Tag: schools

Vermont’s Education Spending

I happened to catch the January 7 State of the State speech by Gov. Jim Douglas of Vermont on C-SPAN. It was a sober and serious presentation that laid out the facts about higher taxes and excessive spending, which are problems in just about every state.

Douglas on excessive education staffing Vermont:

Since 1997, school staffing levels have increased by 23 percent, while our student population has decreased by 11.5 percent. The number of teacher’s aides has gone up 43 percent. The number of support staff has gone up 48 percent. For every four fewer students a new teacher, teacher’s aide or staff person was hired. There are 11 students for every teacher – the lowest ratio in the country – and a staggering five students for every adult in our schools. With personnel costs accounting for 80 percent of total school spending, it’s no wonder that our K-12 system is among the most expensive in the nation at $14,000 per student per year.

Current staffing and compensation levels cannot be maintained as the student count continues to decline. If we simply move from our current 11 to 1 student/teacher ratio to 13 to 1, we would still have one of the lowest ratios in the country, while saving as much as $100 million. If we want to make education costs sustainable, we must return balance to classrooms. I propose that over four years we bring our statewide student/teacher ratio to affordable levels.

Douglas on excessive education bureaucracy:

Our school governance structures are a vestige of the 19th century and, like our unsustainable personnel costs, must be reformed. We have 290 separate school districts –- one for every 312 students –- 63 different supervisory bodies and a State Board of Education. That’s a total of 354 different education governing bodies for a state with only 251 towns.

Douglas on education financing:

At the root of our education funding challenge is a system that’s substantially eroding local control. Each year the connection between your school budget vote and your property tax bill becomes more and more distant… our education funding regime has grown into an unmanageable maze of exemptions, deductions, prebates, rebates, cost-shifts and hidden funding sources. Overlapping rings of complexity keep all but a few experts from understanding the many moving pieces. This is not good tax policy, not good government, and, if you ask most Vermonters, not good for much of anything. It’s time to pull back the curtains and let the sun shine in on how education is funded. Transparency – Who is paying? What are we paying for? What are the results?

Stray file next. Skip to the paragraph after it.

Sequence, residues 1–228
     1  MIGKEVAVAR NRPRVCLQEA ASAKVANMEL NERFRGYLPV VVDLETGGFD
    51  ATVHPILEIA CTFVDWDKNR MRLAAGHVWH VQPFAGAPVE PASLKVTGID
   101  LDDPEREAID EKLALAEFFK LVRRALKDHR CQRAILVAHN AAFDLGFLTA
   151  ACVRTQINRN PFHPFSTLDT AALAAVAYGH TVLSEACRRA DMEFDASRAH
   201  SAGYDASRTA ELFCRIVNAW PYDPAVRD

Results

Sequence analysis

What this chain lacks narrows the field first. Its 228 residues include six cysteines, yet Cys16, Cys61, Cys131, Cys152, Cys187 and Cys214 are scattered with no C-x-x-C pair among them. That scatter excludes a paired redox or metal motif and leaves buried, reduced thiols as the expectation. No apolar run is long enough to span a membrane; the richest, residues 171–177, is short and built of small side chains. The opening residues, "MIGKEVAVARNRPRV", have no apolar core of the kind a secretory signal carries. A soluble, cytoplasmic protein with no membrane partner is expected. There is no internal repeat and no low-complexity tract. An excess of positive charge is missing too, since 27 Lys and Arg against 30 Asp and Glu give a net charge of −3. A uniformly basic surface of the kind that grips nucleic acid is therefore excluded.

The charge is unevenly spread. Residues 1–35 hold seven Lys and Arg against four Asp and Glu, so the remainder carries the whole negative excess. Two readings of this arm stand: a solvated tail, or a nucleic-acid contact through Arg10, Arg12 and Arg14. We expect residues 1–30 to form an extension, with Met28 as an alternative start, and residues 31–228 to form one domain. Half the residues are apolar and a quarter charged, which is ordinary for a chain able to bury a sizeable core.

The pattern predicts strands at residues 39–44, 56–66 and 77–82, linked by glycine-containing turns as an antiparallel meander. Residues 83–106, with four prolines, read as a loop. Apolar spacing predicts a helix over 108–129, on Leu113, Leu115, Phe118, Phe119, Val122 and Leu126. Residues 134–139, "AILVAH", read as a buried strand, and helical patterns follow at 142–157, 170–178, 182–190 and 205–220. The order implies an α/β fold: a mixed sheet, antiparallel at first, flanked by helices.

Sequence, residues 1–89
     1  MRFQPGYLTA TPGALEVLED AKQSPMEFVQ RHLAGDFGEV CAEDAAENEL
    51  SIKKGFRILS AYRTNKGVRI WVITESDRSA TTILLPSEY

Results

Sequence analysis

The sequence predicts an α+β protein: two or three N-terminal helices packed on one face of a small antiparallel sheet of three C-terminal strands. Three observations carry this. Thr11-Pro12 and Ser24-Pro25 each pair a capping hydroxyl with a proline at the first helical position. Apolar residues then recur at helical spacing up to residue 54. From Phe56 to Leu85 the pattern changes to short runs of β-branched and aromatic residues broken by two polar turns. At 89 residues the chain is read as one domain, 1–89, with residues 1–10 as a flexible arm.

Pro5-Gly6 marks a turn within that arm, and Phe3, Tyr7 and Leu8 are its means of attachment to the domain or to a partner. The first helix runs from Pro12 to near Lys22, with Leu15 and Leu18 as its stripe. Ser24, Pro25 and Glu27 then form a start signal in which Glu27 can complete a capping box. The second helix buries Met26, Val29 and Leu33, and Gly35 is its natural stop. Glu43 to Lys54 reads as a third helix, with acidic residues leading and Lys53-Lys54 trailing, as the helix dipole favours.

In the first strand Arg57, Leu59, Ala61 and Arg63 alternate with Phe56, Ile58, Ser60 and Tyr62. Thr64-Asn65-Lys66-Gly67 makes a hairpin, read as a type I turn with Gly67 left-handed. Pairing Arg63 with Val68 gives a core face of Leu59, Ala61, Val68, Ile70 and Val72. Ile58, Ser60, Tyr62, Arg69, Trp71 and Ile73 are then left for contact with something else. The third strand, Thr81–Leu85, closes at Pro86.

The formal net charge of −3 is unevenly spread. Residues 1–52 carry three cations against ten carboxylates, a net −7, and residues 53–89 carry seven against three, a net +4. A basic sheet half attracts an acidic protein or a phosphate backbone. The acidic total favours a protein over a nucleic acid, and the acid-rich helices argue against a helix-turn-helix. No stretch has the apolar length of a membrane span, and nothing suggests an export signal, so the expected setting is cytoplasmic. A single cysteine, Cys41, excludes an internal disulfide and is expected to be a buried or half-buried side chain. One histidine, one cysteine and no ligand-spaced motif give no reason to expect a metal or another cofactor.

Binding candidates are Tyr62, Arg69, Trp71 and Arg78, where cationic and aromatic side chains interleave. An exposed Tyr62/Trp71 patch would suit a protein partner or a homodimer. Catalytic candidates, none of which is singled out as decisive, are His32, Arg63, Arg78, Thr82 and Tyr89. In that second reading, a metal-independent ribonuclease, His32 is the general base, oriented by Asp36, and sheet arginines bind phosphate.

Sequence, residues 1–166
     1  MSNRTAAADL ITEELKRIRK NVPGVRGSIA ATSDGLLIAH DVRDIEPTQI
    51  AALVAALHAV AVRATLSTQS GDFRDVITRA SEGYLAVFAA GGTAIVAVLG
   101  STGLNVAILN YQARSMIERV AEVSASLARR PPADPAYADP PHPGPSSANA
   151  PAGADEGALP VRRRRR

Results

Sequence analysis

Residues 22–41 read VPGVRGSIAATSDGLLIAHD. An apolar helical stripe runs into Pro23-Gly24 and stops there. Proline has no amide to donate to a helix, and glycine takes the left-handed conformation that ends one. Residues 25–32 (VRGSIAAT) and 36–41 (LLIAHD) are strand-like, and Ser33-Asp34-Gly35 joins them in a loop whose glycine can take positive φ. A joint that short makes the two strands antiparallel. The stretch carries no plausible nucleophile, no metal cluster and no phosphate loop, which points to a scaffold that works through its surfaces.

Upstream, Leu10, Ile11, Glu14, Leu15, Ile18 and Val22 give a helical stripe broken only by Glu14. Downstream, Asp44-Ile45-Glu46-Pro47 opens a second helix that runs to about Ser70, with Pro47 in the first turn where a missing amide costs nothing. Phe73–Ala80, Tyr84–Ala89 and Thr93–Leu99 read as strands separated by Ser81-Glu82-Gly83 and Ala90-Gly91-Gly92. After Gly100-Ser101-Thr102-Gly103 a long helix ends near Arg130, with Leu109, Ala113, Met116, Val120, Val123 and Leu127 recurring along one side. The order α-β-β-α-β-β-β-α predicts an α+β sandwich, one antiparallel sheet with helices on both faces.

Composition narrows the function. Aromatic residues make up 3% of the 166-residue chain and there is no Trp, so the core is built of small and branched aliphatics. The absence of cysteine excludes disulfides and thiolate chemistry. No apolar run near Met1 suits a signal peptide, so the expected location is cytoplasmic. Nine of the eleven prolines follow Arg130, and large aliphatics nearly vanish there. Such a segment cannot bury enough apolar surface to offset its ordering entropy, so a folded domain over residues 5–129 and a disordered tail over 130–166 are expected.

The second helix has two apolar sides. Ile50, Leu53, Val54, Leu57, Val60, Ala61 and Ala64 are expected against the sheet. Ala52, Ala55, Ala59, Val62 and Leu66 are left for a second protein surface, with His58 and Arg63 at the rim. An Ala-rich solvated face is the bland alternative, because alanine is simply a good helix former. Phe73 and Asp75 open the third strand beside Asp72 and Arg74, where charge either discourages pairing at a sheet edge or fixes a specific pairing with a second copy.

Douglas on excessive education regulations:

Currently, Vermont schools are prohibited by law from accessing out-of-state distance learning programs … If a school sought to provide a new Chinese program for this student, or even a group of students, they would have to hire a new teacher with the expertise – a costly step. Allowing students to access approved distance learning programs from around the country is a simple, affordable change we can make to improve quality.

Excessive staffing, complex bureaucracy, complex financing, and excessive regulation are problems in government education systems across the country. There is no better time than today, when states have large budget gaps, to tackle these chronic problems. 

So kudos to Douglas. His speech was a contrast to that of Colorado’s Gov. Bill Ritter, who followed him on C-SPAN uttering the usual lofty but vacuous speech we expect of most politicians. 

How to Fix County Budget Problems

I’m wrapping up a paper on the real cost of public education, the total price tag per student, not just the stripped down version they typically trot out to show voters. One of the districts is Arlington, VA, which is the one I  happen to live in.

Though the district is an unusually big spender, their most recent budget, for fiscal year 2010, contains hand-wringing typical for school districts across the country. “FY 2010 will present unique challenges and hardships for staff, however as stated earlier, these reductions are taken so that there is minimal impact on classroom instruction.”

Arlington is planning to spend over $23,000 per student this year according to the Washington Area Boards of Education (WABE). That’s a 33 percent increase in constant dollars since 2000.*